"I've never been out East," she injected; inconsequentially, he thought.
"Well, travel is broadening, they say. It will be fun, I promise," he repeated, afraid that this strange woman on the other end of the phone line might yet change her mind, and he did not know if he could stand that now. And he wondered what she had done with His Margaret.
"OK," she replied, and set down the phone, disconnecting them
Hawkeye just stared an the receiver in his hand for a moment. His glee at connecting with Margaret was dimmed by her unusual demeanor.. He wondered if another call to Colonel Potter was in order; perhaps he would unravel the mystery if he knew that Margaret were coming, prepare him if necessary, for...whatever. The old man had hinted that she was "vulnerable," whatever that meant. Good grief, weren't they all?
"I am on medication," she told him that, first thing. He thought it was an odd way to renew an acquaintance. " So I no longer feel like 'leaping out of tall buildings in single bound'. Lately everything has been sort of...remote. But it's very calming," she reassured him. "Maybe you should try some. We make a great team, huh—you're manic, and I'm depressive," she gave an odd little laugh. "They wouldn't let me sign out of the hospital on my own. I had to put down the Colonel as next of kin, and he had to come fetch me. So embarrassing," she looked down. "But, they were probably right," she conceded. "My judgment has not been the greatest, lately. Witness this," she referred to her presence in Boston.
"This is a good thing, Margaret," he tried to reassure her.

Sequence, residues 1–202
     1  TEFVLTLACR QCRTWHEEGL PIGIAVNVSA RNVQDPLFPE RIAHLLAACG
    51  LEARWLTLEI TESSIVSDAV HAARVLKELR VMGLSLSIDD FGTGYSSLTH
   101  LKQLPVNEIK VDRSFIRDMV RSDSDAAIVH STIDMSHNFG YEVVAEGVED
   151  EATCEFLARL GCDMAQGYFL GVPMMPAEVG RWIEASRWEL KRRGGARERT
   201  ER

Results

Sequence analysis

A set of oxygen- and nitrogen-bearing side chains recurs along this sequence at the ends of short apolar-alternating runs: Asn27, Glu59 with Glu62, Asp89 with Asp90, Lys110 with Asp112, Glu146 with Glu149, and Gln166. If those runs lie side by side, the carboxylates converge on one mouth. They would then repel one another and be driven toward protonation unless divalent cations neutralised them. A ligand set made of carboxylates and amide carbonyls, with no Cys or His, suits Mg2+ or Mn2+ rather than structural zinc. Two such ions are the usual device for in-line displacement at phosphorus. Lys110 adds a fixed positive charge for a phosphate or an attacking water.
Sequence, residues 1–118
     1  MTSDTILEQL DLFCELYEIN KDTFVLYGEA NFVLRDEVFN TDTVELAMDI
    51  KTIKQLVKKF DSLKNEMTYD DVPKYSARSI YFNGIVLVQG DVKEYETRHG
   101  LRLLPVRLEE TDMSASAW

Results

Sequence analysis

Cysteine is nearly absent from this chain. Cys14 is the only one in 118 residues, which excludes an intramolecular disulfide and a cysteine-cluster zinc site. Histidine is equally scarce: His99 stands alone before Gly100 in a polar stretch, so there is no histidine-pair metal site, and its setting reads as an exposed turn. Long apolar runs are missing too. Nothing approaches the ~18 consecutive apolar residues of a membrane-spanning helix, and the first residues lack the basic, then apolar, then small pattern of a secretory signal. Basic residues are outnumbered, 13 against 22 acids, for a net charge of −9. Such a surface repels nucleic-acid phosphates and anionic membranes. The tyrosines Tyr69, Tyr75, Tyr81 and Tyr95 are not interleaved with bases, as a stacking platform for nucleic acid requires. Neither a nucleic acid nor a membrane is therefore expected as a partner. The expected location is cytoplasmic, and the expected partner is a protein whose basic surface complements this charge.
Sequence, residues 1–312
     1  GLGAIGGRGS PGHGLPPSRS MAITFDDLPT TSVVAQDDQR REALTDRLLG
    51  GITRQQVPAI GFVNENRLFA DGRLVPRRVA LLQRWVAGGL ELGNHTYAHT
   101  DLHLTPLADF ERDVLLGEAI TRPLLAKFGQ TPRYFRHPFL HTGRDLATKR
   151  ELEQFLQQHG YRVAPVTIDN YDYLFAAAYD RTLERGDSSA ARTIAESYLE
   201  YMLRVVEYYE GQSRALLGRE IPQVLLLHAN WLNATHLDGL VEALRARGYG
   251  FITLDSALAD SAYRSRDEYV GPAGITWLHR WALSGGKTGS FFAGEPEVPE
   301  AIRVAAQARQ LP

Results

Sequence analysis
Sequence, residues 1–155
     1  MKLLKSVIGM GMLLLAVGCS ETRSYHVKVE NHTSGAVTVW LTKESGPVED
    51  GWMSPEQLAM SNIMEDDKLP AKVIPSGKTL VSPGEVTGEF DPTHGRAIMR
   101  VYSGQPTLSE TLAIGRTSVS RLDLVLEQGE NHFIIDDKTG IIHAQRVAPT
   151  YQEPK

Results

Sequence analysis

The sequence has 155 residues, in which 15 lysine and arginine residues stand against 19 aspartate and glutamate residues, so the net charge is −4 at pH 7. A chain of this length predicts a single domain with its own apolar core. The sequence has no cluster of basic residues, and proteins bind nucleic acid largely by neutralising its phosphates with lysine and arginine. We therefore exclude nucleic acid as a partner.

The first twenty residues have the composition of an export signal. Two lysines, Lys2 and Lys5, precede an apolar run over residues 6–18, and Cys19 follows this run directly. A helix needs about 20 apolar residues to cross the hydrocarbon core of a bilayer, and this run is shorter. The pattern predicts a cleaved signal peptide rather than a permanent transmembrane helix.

"Honestly, Hawkeye, you can speak to me in words of more than one syllable. It's not my brain that's damaged. Just my soul."
"It's just a couple hours' drive back home but if you'd rather stay in Boston for the night, get some rest, we could start out fresh tomorrow..."
"Dammitt, I knew I shouldn't've told you. I knew I shoudn't 've come. You are going to mollycoddle me and be afraid of my every move and analyze my every word..."
"'Mollycoddle'? You may have visited in Hannibal too long.." he tried to joke. "The Colonel's colloquialisms are rubbing off."
"Sorry, Pierce," she twisted her head around, like a twitching trapped rabbit looking for an escape. "I am really really sorry, but I should not have done this. I'm sorry, but I have to go-" she sprang up from her seat in the coffee shop and tried to dash off but he grabbed her hand too quickly. He pulled her back down into the booth beside him. She struggled for a minute, then just went limp in his arms. "I'm sorry, I'm so sorry," she started to cry.
Hawkeye did not know what to do. He had been a whiz in cardiac surgery. but not curing heartaches. It was so unlike Margaret to make a scene in public. The old Major he knew would never admit to personal weakness. Good thing everybody in the crowded airport coffee shop was too busy to bother noticing the troubled couple.